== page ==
– By that time it will be too late. Standing Order 440–
SenatorFoll. - I rise to a point of order.
The DEPUTY PRESIDENT. - There cannot be two points of order raised at the same time.
– Please allow me to state my point.
The DEPUTY PRESIDENT. - A division has been called for.
– Not yet.
The DEPUTY PRESIDENT. - Will the honorable senator kindly resumehis seat?
– Where are we drifting to? Standing Order 440 states-
The DEPUTY PRESIDENT.- Will the honorable senator resume his seat?
– I will.
– May I ask a question? How do you interpret the standing order which states, “When any senator has been reported as having committed an offence he shall be called upon to stand up in his place”? By whom shall he be called? You did not call him. He was not called, although it is provided in the Standing Orders that he shall be called.
– The Chair ought to be fair.
Question - That Senator Gardiner be suspended from the sitting of the Senate - put. The Senate divided.
Majority . . . . 8
Question so resolved in the affirmative.
The DEPUTY PRESIDENT. - I now ask Senator Gardiner to obey the decision of the Senate, suspending him from the sitting.
The DEPUTY PRESIDENT.- I call upon the officer whose duty it is to remove the honorable senator.
Senator Gardiner, escorted by the
Question - That the question of dissent requires immediate determination - put.
The Senate divided.
Majority . . . . 9
Question so resolved in the affirmative.
The DEPUTY PRESIDENT.- The question now is -
That the Senate dissent from the ruling of the Deputy President.
Earlier in the evening I gave the reasons for my ruling. I presume that honorable senators do not wish me to recapitulate them. Under the Standing Orders there was no other course open to me than that which I followed, otherwise I should not have ruled as I did.
Question: - That the Senate dissent from the ruling of the Deputy President - put. The Senate divided.
Majority . . . . 9
Question so resolved in the negative.
Question - That so much of the Standing and Sessional Orders he suspended as would prevent the message being at once considered and all consequent action taken - put. The Senate divided.
Majority . . 9
Question so resolved in the affirmative.
Standing and Sessional Orders suspended.
That the message be considered in committee of the whole forthwith.
In committee (Consideration of House of Representatives’ message) :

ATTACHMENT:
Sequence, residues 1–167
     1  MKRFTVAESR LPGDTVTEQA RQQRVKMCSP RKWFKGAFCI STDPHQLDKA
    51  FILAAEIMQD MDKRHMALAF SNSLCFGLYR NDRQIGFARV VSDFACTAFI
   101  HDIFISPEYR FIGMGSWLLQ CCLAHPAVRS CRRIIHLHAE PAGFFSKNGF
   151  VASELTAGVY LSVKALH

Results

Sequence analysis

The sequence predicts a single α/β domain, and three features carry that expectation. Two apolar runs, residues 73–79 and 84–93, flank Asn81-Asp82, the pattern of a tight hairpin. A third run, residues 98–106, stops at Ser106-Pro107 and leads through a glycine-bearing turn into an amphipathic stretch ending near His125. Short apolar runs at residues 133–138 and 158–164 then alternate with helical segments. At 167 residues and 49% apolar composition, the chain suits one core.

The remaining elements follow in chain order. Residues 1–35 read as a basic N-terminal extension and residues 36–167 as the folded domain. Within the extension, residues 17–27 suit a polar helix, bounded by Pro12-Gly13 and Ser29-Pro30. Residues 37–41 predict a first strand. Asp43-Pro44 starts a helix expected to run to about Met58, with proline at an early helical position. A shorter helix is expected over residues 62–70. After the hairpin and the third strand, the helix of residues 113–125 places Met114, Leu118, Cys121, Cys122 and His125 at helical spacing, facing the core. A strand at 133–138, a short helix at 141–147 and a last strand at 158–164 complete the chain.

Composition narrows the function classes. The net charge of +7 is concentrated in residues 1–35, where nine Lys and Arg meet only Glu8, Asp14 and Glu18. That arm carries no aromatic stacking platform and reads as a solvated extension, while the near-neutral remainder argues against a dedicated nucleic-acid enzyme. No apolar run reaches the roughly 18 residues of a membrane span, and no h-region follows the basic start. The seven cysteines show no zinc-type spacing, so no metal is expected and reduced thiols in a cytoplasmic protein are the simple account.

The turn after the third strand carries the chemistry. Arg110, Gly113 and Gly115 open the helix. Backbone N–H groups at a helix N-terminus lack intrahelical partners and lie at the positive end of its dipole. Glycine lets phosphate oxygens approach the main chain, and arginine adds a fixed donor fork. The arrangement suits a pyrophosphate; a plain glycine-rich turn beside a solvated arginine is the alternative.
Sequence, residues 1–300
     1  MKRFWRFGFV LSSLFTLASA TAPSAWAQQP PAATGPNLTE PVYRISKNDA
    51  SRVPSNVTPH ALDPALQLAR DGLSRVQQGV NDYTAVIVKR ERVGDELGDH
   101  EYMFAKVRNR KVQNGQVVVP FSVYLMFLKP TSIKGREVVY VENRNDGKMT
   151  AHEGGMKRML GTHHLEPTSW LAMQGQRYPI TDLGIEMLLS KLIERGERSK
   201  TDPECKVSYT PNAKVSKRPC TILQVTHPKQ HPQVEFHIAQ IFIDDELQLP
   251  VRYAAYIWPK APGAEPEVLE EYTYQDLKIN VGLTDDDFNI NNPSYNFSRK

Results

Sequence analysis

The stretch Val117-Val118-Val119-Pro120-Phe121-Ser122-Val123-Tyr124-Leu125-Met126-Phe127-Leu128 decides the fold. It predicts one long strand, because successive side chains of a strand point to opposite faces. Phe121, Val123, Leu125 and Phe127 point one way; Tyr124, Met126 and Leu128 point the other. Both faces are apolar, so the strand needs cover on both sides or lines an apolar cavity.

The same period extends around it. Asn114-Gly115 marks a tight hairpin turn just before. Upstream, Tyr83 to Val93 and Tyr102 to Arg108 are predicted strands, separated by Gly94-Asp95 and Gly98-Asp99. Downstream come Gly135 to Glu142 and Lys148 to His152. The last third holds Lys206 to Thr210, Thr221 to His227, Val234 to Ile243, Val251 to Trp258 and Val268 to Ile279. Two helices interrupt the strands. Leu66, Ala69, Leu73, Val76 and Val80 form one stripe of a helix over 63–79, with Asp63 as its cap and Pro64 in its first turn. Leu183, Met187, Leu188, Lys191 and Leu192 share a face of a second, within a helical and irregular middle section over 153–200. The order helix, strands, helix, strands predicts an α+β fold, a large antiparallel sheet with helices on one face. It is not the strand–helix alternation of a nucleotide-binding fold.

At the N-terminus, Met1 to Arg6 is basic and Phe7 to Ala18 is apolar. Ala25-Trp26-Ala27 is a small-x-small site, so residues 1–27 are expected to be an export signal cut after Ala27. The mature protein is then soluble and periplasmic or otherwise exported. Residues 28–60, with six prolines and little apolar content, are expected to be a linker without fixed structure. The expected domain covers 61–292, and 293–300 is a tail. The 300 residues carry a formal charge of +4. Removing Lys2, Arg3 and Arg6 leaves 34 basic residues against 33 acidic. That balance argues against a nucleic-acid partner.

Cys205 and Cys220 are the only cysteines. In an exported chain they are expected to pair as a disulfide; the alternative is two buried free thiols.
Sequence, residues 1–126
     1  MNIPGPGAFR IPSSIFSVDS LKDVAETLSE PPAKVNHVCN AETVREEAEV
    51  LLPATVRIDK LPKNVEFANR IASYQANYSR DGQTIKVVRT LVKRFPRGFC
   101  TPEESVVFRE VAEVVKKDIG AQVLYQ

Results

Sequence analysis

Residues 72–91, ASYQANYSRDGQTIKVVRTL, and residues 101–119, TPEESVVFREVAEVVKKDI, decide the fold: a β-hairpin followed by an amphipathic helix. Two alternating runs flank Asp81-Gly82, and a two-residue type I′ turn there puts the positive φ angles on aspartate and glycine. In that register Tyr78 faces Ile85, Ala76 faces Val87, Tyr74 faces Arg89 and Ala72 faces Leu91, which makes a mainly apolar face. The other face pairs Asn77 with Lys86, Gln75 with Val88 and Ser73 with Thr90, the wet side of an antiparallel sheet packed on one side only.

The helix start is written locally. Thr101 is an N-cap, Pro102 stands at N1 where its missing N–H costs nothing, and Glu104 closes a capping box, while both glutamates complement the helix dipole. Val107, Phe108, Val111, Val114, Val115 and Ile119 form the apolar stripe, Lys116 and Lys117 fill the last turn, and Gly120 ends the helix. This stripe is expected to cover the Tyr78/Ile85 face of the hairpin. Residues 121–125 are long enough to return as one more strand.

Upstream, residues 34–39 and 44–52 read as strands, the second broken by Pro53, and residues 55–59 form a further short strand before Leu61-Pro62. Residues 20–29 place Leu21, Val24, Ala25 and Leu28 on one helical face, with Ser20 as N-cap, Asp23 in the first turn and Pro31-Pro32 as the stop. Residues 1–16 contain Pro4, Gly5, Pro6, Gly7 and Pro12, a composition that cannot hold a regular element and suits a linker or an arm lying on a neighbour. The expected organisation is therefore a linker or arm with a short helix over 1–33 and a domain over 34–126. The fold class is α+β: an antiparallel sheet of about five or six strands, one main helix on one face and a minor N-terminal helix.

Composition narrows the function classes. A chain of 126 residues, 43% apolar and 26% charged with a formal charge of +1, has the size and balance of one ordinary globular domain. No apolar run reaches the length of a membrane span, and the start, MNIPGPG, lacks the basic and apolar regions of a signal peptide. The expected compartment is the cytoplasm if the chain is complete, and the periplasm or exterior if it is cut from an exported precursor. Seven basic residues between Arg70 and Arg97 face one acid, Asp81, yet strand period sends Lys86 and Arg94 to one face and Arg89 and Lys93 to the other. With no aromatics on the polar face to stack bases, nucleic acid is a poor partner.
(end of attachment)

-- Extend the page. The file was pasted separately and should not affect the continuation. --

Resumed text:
Clause 8 -
After section 16a of the principal act the following section is inserted:- “ (3.) The board shall consider and determine any appeal made to it under this section, and shall notify the appellant of its determination, which shall be final and conclusive.”
Senate’s Amendment. - Leave out sub-section (3), and insert the following new subsections : - (3.) The board shall refer the appeal to an Appeal Board consisting of three members, one of whom shall be appointed by the board, and one of whom shall be elected by the officers of the bank in the manner prescribed, with an independent chairman appointed by the board. (4.) The Appeal Board shall consider any appeal referred to it under this section, and shall submit its report thereon to the board, which shall determine the appeal and notify the appellant of its determination, which shall be final and conclusive.
Souse of Representatives’ Message. - Amendment amended by the insertion of the proposed words “chosen by mutual agreement between the other two members, or if those members fail to agree,” after the word “chairman” in the proposed sub-section (3).
– I move -
That the House of Representatives’ amendment of the amendment be agreed to.
When dealing with clause 8 of the bill, we considered the question of appeals by officers of the bank, and set up an Appeal Board under proposed sub-section 3, which read as follows: -
The board shall refer the appeal to an Appeal Board consisting of three members, one of whom shall be appointed by the board, and one of whom shall be elected by the officers of the bank, in the manner prescribed, with an independent chairman appointed by the board.
The House of Representatives has amended that provision by inserting after the word “ chairman “ the words “ chosen by mutual agreement between the other two members, or if those members fail to agree.” The provision now reads-
The board shall refer the appeal to an Appeal Board consisting of three members, one of whom shall be appointed by the board, and one of whom shall be elected by the officers of the bank, in the manner prescribed, with an independent chairman, chosen by mutual agreement between the other two members, or if those members fail to agree, appointed by the board.
The House of Representatives has not altered the constitution of the board, but has provided that the chairman shall be mutually agreed upon by the representative of the bank and the representative of the officers, and that if they fail to agree, he shall be appointed by the board.
– In that case, the chairman may be a person who is not in the employ of the bank.
– This does not deal with that aspect of the question.
– If a person outside the bank may be appointed, it opens up a very serious question.
– Under the bill as it left the Senate, the chairman of the Appeal Board was to be appointed by the board of directors, but an amendment has been made whereby an independent chairmen, mutually agreed upon by the representatives of the employees and the board, may be appointed. If the representatives of the officers and the board of directors fail to agree, the chairman will be appointed by the board.